Monday, October 14, 2013

Thoughts on: Museum Frictions Introduction

I wanted to share some of my reading on museum theory; maybe I can add something to the analysis or get some suggestions for my writings.


Museum Frictions: Public Cultures/Global Transformations
Introduction


Summary and some questions posed towards pages 1-13 article.






Globalization


"We accept that recent decades have seen increasing speed, growing intensity, and multiplication of directions of extranational flows, processes, and relationships that are called 'global.' But we also want to acknowledge that greater integration of the globe, either in cultural or economic terms, is not the necessary endpoint of globalization, which can produce uncoupling and isolation -- the loss of opportunity -- as much as it can produce new relationships and opportunities." (pg 5)

Globalizations is not an inherent good. Globalization is driven by Western colonization and faces very little as means of analysis from the mainstream public. 

  • What/where/when is global?
  • Who/what/where is excluded?
  • Who benefits from their exclusion?


Blockbuster Exhibition


The blockbuster exhibition is an exhibition designed to please the public, usually with broad ideas and already popular objects. A focus on universalist or humanist connections means that the public can relate to the objects and their famous owners without deep learning or internal searching. The blockbuster exhibition usual enjoys a international tour.

"But international blockbuster tours rarely, if ever, reach so-called less developed countries, which from the organizers' viewpoint lack both the funds that such exhibitions require and a sufficiently elaborate infrastructure to support them." (pg 12)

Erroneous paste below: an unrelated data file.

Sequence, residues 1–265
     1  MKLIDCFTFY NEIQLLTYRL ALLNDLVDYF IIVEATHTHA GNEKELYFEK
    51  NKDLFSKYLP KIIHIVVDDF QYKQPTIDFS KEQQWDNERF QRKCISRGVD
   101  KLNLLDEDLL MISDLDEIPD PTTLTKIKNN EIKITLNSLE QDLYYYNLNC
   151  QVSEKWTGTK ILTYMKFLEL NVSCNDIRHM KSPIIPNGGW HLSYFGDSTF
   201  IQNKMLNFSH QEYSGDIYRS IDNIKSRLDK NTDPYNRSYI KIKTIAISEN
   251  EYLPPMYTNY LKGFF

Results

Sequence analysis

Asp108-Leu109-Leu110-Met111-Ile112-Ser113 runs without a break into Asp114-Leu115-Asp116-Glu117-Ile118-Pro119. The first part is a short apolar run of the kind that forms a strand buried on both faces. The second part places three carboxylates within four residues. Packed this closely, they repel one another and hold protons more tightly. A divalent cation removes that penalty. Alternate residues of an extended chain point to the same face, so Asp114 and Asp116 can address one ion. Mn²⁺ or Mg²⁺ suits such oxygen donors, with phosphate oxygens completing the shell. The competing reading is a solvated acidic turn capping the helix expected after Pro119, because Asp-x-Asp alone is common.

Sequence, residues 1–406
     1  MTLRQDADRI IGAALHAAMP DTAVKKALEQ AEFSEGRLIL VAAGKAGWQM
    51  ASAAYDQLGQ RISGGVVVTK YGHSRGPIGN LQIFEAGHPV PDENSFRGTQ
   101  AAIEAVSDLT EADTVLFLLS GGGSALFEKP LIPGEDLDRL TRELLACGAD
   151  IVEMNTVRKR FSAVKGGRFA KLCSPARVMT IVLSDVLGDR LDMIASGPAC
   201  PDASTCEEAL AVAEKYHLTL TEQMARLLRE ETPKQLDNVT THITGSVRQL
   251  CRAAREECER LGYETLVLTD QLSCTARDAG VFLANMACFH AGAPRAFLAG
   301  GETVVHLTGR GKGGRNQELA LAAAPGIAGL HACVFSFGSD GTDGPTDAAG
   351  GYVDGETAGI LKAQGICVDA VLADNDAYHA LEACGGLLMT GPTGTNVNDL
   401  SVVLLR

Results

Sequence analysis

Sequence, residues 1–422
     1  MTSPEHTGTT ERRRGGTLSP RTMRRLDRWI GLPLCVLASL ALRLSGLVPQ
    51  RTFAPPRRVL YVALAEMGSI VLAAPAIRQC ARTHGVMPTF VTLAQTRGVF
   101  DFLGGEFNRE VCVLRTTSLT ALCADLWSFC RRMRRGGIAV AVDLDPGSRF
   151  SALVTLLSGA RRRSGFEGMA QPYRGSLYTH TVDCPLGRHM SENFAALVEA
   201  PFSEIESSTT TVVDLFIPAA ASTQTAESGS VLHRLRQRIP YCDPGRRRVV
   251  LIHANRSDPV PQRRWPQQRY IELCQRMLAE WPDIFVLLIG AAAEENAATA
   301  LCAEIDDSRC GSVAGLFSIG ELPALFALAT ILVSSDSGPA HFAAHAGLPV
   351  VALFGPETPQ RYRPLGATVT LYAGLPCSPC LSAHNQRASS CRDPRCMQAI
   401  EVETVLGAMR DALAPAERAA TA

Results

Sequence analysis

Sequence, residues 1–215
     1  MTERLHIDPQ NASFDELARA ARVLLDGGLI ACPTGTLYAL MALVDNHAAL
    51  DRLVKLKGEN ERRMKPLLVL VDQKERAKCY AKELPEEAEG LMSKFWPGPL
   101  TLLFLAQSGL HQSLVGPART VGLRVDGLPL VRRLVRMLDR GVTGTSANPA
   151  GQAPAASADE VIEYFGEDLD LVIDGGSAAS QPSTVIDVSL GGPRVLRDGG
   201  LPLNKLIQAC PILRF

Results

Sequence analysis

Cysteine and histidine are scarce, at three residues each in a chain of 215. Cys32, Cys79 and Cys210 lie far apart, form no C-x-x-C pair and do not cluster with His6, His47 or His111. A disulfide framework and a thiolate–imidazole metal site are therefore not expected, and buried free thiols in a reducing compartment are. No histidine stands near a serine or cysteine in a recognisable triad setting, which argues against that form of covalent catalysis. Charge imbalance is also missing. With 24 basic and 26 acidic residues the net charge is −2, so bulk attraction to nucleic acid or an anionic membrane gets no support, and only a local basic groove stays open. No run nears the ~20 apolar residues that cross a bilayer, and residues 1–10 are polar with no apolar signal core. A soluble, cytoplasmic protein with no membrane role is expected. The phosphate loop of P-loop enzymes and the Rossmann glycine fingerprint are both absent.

• Who are the organizers? What is the 'elaborate infrastructure?' 
  • How do the organizers and museums benefit from keeping these tours from reaching less developed countries?
  • Who built the infrastructure? When? How?
  • Are less developed countries actually incapable of funding these exhibitions?
  • Do developed countries have a responsibility to have the exhibitions tour all of the world?
  • What are these funds? How much are these funds? Who supplies the funds? 
  • Why don't organizers think funds would be supplied to less developed countries?

Reinstallation of permanent collection


The reinstallation of the permanent collection parallel the blockbuster. Museums seek to gain and audience by drawing attention to their rarely seen items; biennial exhibitions also return focus to certain aspects of a museum's collection.  



Exhibitions as legitimacy


Both of the "blockbuster" and "reinstallation" exhibitions are signs of the resurgence of museums as arbiters of legitimacy. 

Communities seeking to establish their cultural identity turn to museums for both a venue to share their arguments and a venue that lends them safety and legitimacy. Plural societies have few venues for citizens to gather information about cultural identity without the obvious stamping of bias. As museums' bias is often overlooked and their stand as unbiased collections of objects and knowledge, the public turns to museums to gain information and approach the public sphere for these issues.


Public controversy


"The growing integration of new media into museum and heritage practice has resulted in a certain democratization of access, with collections and exhibitions available in virtual form in homes, school and elsewhere, and it has provided the basis for cooperative ventures among institutions. Yet it simultaneously creates new barriers defined by digital divides both within and among countries." (pg 13)

The two main ideas:


  1. The internet and new media increases audience which automatically increased public controversy
  2. The internet and new media created barriers between those who could access the tech and who couldn't which created controversy.
But a few questions:
  • "Yet it simultaneously"- What is 'it'? Who responsible for 'it'? Is 'it' simultaneous?
  • Is there more controversy or is the controversy more public?
  • Is the audience reached by the internet and new media different than that of old technology?
    • If not, what is it about the method of the technology that creates controversy?
    • If so, who is being excluded? Why?
  • Does the audience reached by new media have different goals or expectations of museums than those who had access before?
  • Is the cooperation beneficial? To whom? Is the cooperation open or a cabal?
To help you consider the effects of technology on traditional heritage, try this article: 
A good reading on whether technology inherently changes what's being transmitted, especially with digital technology.

How can this be applied to museum spaces and publications?